Introducing Miss Representation
By Jennifer Siebel... on December 02, 2010
I'm still in shock over the recent November election. What was supposed to be another 'year of the woman' ended in a step backwards for women and for the U.S.
This year was the first time in 30 years U.S. women failed to gain seats in the House and Senate. Our already dismally low 17% of Congress did not budge. Whatever your politics are, I find it discouraging to see the first woman Speaker of the House, Nancy Pelosi, step down from her historic post.
The same week as the elections, we completed edits on the Miss Representation documentary feature film. And just last week we found out our film was selected from thousands of entries to premiere in the documentary film competition at the 2011 Sundance Film Festival! After two years of production, the film is finally close to making its public debut! Yet it all feels bittersweet. With celebration comes the sinking realization that our work is needed now more than ever. If we are to continue making progress as women and as a democracy, we need to address what has become a crisis of representation.
For exactly this reason, the film has developed into much more than a film. We are building a full-fledged movement! Miss Representation takes to task the media for its limited and often disparaging portrayals of women. It draws the important connection between the ways women are mistreated in the media and the low numbers of U.S. women in positions of power and influence. As the most pervasive and persuasive form of communication in our culture, the media is educating yet another generation of young women and men that a woman's primary value lies in her youth, beauty and sexuality--not in her leadership capacity.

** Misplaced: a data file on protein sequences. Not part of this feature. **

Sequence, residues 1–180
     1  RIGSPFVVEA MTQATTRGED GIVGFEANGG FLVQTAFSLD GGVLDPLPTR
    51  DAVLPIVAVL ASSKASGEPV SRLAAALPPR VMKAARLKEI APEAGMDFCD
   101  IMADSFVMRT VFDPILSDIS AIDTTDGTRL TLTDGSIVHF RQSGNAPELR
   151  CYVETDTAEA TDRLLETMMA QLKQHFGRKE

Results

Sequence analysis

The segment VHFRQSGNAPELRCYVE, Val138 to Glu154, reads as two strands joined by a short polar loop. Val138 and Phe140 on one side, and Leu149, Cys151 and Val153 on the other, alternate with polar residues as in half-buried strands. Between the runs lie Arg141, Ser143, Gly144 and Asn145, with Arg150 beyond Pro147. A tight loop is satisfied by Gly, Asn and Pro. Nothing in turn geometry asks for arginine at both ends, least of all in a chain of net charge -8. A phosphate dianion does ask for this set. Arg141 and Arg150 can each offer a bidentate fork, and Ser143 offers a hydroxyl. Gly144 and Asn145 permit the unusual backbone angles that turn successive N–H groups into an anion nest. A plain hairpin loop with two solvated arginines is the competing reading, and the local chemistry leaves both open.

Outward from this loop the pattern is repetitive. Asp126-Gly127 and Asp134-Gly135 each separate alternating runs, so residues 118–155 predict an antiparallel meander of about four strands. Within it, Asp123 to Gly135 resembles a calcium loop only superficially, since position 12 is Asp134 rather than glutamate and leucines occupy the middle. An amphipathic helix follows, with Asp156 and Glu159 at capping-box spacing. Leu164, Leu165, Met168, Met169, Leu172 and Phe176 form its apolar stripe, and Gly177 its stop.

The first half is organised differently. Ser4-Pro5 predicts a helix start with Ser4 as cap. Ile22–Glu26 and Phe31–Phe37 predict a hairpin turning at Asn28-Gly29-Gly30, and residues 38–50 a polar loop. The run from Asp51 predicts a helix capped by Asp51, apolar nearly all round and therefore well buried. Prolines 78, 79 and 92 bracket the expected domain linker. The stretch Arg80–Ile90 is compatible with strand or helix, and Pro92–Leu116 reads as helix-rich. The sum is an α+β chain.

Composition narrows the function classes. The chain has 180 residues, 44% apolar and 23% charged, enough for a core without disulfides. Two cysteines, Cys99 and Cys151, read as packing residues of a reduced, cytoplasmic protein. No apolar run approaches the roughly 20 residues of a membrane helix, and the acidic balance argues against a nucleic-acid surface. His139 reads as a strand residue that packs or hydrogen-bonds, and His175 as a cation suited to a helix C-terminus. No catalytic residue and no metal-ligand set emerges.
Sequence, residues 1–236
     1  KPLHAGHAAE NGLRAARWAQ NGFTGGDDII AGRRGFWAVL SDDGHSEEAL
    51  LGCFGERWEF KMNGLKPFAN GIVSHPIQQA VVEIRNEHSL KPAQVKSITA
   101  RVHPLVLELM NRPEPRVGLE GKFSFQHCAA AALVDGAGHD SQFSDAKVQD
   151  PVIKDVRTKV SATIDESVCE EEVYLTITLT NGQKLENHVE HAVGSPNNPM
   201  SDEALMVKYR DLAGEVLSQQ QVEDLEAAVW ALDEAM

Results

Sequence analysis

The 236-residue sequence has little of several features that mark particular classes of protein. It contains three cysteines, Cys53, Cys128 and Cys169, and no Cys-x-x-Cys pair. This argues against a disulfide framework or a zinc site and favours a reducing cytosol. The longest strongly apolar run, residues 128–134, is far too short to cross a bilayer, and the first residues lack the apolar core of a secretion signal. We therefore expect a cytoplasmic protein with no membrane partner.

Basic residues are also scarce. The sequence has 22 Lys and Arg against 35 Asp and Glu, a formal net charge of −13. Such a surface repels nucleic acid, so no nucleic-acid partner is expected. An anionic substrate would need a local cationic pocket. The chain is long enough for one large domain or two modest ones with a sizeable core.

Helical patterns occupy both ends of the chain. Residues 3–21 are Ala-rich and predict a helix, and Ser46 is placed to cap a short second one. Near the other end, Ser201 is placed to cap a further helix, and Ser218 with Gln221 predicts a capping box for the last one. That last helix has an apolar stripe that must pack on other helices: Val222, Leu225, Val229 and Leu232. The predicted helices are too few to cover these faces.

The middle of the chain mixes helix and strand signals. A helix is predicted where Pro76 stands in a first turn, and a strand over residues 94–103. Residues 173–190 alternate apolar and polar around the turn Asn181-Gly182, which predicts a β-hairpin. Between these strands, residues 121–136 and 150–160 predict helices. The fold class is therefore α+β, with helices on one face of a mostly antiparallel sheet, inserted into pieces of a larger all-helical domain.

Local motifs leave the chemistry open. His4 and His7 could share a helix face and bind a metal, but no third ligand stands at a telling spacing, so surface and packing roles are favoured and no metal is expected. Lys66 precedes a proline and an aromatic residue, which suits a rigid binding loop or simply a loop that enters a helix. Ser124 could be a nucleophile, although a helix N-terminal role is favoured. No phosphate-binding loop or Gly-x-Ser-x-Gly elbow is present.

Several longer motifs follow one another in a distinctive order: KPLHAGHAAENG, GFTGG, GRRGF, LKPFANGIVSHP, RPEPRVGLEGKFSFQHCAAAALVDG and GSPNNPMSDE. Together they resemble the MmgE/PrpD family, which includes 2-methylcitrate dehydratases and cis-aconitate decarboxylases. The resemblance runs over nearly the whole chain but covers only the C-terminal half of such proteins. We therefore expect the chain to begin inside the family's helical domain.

Miss Representation came about during another election cycle when the hopes for women also soared. In 2008, Hillary Clinton and Sarah Palin were all over the headlines. But again to our dismay, their fresh ideas were hardly even reported. It was their hair, boobs, pantsuits, heels and ‘hotness factor’--or lack thereof--that occupied far too much of the airtime. It was in this climate that Miss Representation was born during a conversation with a dear friend, Regina Kulik Scully, who would later become the film's Executive Producer.
Both Regina and I had long been involved in media. Regina has spent more than 20 years in communications before dedicating her life to education reform and women's rights. I became an actor in Hollywood after completing my MBA at Stanford and founded a production company called Girls' Club Entertainment to develop and produce independent films focused on empowering women. Our years behind the scenes helped us understand the ways mainstream media contributes to the contemporary backlash against women. We knew we could not stay silent.
We began interviewing other media professionals, experts, and women leaders to hear their incredible insider perspectives. We talked to inspiring youth immersed in media and hosted a Young Women's Summit for bright new leaders. And we recruited several hundred individual donors--most of them women--to fund the project.
In the middle of production, my husband, San Francisco Mayor Gavin Newsom, now Lieutenant Governor-elect of California, and I became pregnant with our first child! When I gave birth to our daughter, Montana, I felt the stakes rising. I was frightened for her to grow up in a world that was so limiting for girls and women. If something wasn't done to change this culture, my daughter would be having the same struggles and frustrating conversations with friends 30 years into the future.
Our acceptance to the Sundance documentary film competition is a huge honor and validation of our hard work. We've taken the powerful medium of film and put it to work for women's rights. And people are ready to listen! The film may be almost complete, but our work to create lasting change for women and girls is just beginning!!
We hope you will join the movement to advance women's rights for ourselves, our daughters, our sons, and our collective progress. Log on to www.missrepresentation.org to find out how you can support our movement.
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